For every two species of mammal there is one species of cichlid fish, which goes to show that biodiversity is distributed rather unevenly among animals. But why? And to what extent can evolution be predicted? A variety of “internal” as well as ecological factors play a role. One decisive factor could be ecological conditions, i.e. the number of different habitats and the similarity of ecological niches available. That is one reason for why there are so many species in the tropics. The demographic history of a population can also influence biological diversity: Is the level of genetic variation in a population sufficient to allow it to adapt to ecological niches? Did the population have enough time to do so? Quantifying all potential factors that contribute to biological diversity, even for only one group of animals, is not easy, not to mention that comparing mammals with a group of fish would be like comparing apples and oranges.
The fallacy of comparing apples and oranges is something that Dr Andreas Kautt, who is now a post-doctoral researcher at Harvard University, is acutely aware of. It does not apply to his research, however, since during his doctoral studies at the University of Konstanz he focused entirely on cichlids. His studies demonstrate just how “deterministic” evolution can be — even among as diverse a family as cichlids, a paramount example of evolutionary diversity and “creativity.” “Imagine 500 to 1,000 species of cichlids living in one of the African Great Lakes, one of the largest freshwater habitats in the world. The degree of complexity is unimaginable. Even the genealogical relationships between the cichlid species living in these lakes have only partially been resolved,” says Professor Axel Meyer’s former doctoral student. Meyer’s evolutionary biology team, which is based at the University of Konstanz and is funded by an ERC Advanced Grant in the amount of € 2.5m, currently pursues a project that seeks to answer the following questions: Why does nature produce this unimaginable amount of different species? What are the origins of biodiversity? How predictable is evolution? Why does evolution repeat itself?
In a new publication in the journal Evolution Letters, Axel Meyer, Andreas Kautt and Dr Gonzalo Machado-Schiaffino, a former staff member in Meyer’s research team who is now an assistant professor at the University of Oviedo in Spain, are able to identify some of the factors that contribute to recurrent patterns of diversity and similarity in cichlids. Andreas Kautt puts the question prompted by their findings like this: “Which factors lead to similar outcomes and thereby help us predict evolution?”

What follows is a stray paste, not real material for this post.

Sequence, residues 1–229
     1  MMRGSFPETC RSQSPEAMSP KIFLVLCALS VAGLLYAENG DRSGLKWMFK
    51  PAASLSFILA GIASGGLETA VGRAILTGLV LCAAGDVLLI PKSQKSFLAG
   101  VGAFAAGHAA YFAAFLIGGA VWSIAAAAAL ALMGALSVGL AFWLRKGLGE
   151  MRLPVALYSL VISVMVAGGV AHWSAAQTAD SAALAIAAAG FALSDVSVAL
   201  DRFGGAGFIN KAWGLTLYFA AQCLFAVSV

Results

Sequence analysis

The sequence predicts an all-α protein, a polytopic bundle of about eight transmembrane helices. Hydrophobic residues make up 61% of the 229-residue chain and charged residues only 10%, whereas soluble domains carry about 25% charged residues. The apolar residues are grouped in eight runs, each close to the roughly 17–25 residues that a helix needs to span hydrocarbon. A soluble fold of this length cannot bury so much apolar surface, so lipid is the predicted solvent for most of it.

Since the African Great Lakes are incredibly diverse, Axel Meyer’s research team focuses not only on them, but also studies a more recent and simple “natural evolutionary experiment” involving parallel species of Nicaraguan Midas cichlids, which occur in the two great lakes as well as in a chain of crater lakes in Nicaragua. They investigate the morphology, population genetics and habitats of the crater lake populations, comparing the results with those results obtained for members of the source population living in the great lakes of Nicaragua. Due to their smaller size, the crater lakes are not only less complex. An added advantage is that their maximum age has been determined. From an evolutionary perspective, with an age of between 1,000 and 24,000 years, they are very young, which makes them easier to study.
Also, the crater lakes are isolated and their faunas all stem from the same older and larger source lakes. “The crater lake populations effectively represent natural evolutionary experiments,” explains Andreas Kautt.
Based on statistical analyses of ecological data and a large amount of genetic information, Kautt et al. arrive at the following conclusion: “The more similar the habitat of the crater lake is to that of the large source lake, the more similar the fish are to each other.” This suggests that it is the habitats — and not demographic criteria — that are decisive for the predictability of diversity. The data collected by the University of Konstanz biologists shows that, compared to the source population, the morphology of all crater lake populations has diversified mostly in the same direction: The crater lake fish all very quickly evolved body shapes that are longer and more slender than those of their cousins from the great lakes.
The importance of these ecological factors can further be demonstrated by the fact that the diverse body shapes of the crater lake populations are closely related to the average depth of the lakes. Andreas Kautt comments: “It makes sense. The deeper a lake is, the more likely it is to provide various ecological niches, including in the deep open water.” All of this leads the researchers to conclude that, under certain conditions, evolutionary outcomes can be predicted.
Materials provided by University of Konstanz. Note: Content may be edited for style and length.